In 2018, the company bypassed a number of competitors in a tender for the purchase of a controlling stake in the state-owned auto parts producer Tri-Ring Group. Kingold offered 7 billion yuan in cash for a 99.97% stake in Tri-Ring. The Hubei government referred to the deal as a model of the so-called mixed property reform, which aims to attract private shareholders to state-owned enterprises. But Kingold was confronted with Tri-Ring asset seizure amid a series of corruption investigations and Tri-Ring disputes.

After receiving the test results, the head of the Minsheng Trust said that the company asked Jia whether the company produced gold bars: “He categorically denied this and said that it was because part of the gold purchased by the company in the early days was of low purity,” the head said . In a telephone interview with Kaisin in early June, Jia denied that the gold promised by his company was tampered with.

“How can this be fake if insurance companies agree to cover it?” he said and declined to comment further. Well, the answer is simple: insurance companies participated in fraud, but this is a story for another day.

In early June, the Minsheng Trust, the Dongguan Trust, and a small lender Chang’An Trust sued Kingold and demanded that PICC P&C cover their losses. PICC P&C declined to comment on Caixin on this issue, but said the case is in court. A source from PICC P&C told Caixin that the claim procedure should be initiated by Kingold as an insured party, and not by financial institutions as beneficiaries. Kingold made no complaints, Caixin said.

In total, Kingold promises tens of thousands of kilograms of gold to at least 14 lenders worth a little less than 20 billion yuan.

Caixin learned that the Hubei provincial government has set up a special task force to oversee this issue, and that the public security department has launched an investigation. Last week, the Shanghai Gold Exchange, a self-regulatory gold organization, disqualified Kingold as a member.

Following the Dongguan Trust and the Minsheng Trust, two other Kingold lenders also checked the declared gold bars and found that they were fake, Kaisin recognized. A Dongguan Trust employee said his company reported the incident to the police on February 27, the day after the test result was received, and claimed 1.3 billion yuan in compensation from the PICC P&C branch in Hubei.

Meanwhile, Kingold defaulted on loans from the Dongguan Trust in the amount of 1.8 billion yuan, and in July another 1.6 billion yuan.

83 tons of supposedly pure gold held in the treasury of Kingold lenders as of June, providing 16 billion yuan of loans, will be equivalent to 22% of annual gold production in China and 4.2% of state gold reserves for 2019.

Short, over 4% of China’s official gold reserves may be fakeAnd this suggests that no other Chinese gold producers and jewelry manufacturers are engaged in such fraud (spoiler warning: they are.)

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Founded in 2002 by Jia, Kingold was previously a gold factory in Hubei affiliated with the People’s Bank of China, which was separated from the central bank during the restructuring. According to the company’s website, Kingold is one of the largest gold jewelry manufacturers in China.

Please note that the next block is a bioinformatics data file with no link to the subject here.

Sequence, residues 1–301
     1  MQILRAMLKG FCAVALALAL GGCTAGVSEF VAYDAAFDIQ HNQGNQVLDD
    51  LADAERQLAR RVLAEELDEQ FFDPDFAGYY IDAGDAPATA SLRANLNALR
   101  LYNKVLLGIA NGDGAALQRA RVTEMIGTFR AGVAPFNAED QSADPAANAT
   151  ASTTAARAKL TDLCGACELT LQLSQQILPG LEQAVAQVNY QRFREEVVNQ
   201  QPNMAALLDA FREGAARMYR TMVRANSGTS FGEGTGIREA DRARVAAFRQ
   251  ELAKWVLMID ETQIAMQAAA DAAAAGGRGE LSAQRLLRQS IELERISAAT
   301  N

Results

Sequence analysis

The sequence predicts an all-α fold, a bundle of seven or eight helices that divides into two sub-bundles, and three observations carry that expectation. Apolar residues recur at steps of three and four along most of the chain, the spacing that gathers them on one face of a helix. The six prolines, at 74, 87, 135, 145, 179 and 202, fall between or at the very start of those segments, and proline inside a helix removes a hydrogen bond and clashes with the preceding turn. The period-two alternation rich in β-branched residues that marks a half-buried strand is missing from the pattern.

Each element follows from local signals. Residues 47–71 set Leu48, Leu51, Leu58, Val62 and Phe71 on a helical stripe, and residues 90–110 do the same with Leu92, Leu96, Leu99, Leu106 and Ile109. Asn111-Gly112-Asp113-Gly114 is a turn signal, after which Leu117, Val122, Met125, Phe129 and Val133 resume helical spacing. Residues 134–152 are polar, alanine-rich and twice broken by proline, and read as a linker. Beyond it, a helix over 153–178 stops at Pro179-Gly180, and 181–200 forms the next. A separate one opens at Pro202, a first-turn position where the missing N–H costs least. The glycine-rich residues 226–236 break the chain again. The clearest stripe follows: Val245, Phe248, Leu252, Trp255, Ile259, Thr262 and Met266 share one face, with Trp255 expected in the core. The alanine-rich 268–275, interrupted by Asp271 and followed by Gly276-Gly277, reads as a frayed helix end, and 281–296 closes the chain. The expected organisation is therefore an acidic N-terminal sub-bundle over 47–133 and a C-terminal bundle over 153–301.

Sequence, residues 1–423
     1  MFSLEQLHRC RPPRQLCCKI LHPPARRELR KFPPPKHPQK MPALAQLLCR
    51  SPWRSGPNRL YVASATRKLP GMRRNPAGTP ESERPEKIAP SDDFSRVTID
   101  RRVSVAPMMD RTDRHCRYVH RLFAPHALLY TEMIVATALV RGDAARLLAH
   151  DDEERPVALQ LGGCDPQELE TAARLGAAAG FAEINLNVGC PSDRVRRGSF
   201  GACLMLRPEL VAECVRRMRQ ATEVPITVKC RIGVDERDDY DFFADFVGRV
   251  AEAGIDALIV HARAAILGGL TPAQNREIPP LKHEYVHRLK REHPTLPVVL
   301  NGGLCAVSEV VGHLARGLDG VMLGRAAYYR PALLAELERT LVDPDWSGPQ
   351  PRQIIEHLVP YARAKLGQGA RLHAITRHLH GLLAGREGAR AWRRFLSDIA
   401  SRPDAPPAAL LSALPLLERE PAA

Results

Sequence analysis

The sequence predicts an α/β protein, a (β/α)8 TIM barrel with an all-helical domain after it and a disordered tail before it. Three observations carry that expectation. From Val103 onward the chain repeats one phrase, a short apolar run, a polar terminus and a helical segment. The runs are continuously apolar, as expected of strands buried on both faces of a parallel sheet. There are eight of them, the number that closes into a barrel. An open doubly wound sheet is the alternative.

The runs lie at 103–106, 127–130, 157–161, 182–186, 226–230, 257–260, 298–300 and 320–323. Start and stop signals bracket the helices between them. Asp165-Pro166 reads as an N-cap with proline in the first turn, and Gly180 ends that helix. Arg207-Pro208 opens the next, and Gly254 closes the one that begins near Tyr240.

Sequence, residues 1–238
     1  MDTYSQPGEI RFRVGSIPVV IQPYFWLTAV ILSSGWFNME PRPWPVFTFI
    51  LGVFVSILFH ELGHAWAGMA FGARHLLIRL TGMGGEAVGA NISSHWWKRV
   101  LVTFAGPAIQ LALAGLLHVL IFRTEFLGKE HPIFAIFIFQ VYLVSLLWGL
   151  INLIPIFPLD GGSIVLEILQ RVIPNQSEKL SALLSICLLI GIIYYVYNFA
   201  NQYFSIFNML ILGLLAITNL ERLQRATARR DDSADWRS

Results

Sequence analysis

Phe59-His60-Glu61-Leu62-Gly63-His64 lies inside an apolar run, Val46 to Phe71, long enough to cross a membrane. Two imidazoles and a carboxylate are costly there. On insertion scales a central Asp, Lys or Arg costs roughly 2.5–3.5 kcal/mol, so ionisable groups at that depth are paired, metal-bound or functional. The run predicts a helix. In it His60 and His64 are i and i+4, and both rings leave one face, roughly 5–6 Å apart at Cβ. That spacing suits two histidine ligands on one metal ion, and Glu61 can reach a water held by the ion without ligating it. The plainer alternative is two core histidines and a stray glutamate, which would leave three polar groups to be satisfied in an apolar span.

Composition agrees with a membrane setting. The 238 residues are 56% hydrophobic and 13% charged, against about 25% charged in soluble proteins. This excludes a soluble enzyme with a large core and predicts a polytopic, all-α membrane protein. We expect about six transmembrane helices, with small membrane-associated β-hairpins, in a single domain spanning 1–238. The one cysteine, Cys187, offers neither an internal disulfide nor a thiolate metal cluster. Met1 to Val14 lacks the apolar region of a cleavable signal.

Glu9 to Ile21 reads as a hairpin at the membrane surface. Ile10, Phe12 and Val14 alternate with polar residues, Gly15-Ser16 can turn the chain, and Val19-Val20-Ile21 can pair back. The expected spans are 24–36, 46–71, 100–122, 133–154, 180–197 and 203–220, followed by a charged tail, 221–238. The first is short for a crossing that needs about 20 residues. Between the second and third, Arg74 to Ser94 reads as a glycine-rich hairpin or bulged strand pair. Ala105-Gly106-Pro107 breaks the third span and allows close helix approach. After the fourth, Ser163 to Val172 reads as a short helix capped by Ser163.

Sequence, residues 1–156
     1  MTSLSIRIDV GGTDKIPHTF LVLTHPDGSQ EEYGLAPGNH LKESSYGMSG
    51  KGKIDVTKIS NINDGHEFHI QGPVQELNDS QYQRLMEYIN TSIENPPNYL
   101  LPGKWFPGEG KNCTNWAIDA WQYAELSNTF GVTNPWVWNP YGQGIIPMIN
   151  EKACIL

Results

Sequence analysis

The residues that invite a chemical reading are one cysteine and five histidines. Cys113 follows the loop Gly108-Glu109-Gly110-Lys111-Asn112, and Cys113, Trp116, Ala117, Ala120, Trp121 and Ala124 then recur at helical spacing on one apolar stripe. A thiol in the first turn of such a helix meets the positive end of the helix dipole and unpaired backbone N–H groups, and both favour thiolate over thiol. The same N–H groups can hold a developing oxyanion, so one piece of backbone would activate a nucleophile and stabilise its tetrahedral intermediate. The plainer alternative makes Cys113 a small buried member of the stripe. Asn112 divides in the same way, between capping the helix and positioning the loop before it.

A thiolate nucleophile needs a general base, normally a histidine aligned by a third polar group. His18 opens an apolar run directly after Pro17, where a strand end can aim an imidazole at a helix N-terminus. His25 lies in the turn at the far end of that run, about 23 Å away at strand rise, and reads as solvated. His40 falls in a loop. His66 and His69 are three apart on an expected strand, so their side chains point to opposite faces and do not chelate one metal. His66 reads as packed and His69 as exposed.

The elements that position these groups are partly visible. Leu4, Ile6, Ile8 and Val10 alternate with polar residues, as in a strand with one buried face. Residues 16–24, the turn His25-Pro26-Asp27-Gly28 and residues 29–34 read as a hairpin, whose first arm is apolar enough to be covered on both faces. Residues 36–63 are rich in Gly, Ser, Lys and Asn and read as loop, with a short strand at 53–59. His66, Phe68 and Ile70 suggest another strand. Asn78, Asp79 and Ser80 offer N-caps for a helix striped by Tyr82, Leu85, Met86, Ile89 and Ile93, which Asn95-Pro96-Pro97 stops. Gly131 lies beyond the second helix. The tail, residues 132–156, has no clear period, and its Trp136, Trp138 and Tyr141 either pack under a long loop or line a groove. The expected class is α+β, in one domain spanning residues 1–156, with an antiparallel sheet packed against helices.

The company debuted at the Nasdaq in 2010. The stock is currently trading at around $ 1 apiece, giving Kingold a market value of $ 12 million, down 70% from a year ago. The company’s financial report showed that at the end of September 2019, Kingold had a total assets of 3.3 billion US dollars, and liabilities – 2.4 billion US dollars.

Jia, 59, served in the army in Wuhan and Guangzhou and lived in Hong Kong for six years. He once ran gold mines belonging to the People’s Liberation Army, which means that he probably has connections all the way to the top.

Jia Zhihong

Jia tall and strong“Caixin said one source in the financial industry familiar with Jia. “He is an impressive figure and speaks loudly. He is bold, reckless and eloquent, always makes you feel that he knows better than you.

Some sources from the trust company say that Jia is well connected with Hubei – the epicenter of the coronavirus pandemic – which may explain Kingold’s unexpected victory in the Tri-Ring deal. But a source in the financial industry in Hubei said that Jia’s business is not as solid as it might seem.

“For many years we knew that he had little gold – he only had copper.” said a source who declined to name.

Local financial institutions in Hubei avoid doing business with Kingold, but they do not want to offend him publicly, a source said. What for? Due to his external relations with the Chinese army.

“Nearly none of Hubei’s local trust companies and banks participated in financing (Kingold)” he said.

This explains why most of Kingold’s lenders are located outside of Hubei. Caixin learned from regulatory sources that the Minsheng Trust is Kingold’s largest lender with nearly 4.1 billion yuan of outstanding loans, followed by 3.9 billion yuan of Hengfeng Bank, 3.4 billion yuan of Dongguan Trust, 1.9 billion yuan of Anxin Trust & Investment Co. and Sichuan Trust Company 1.8 billion yuan.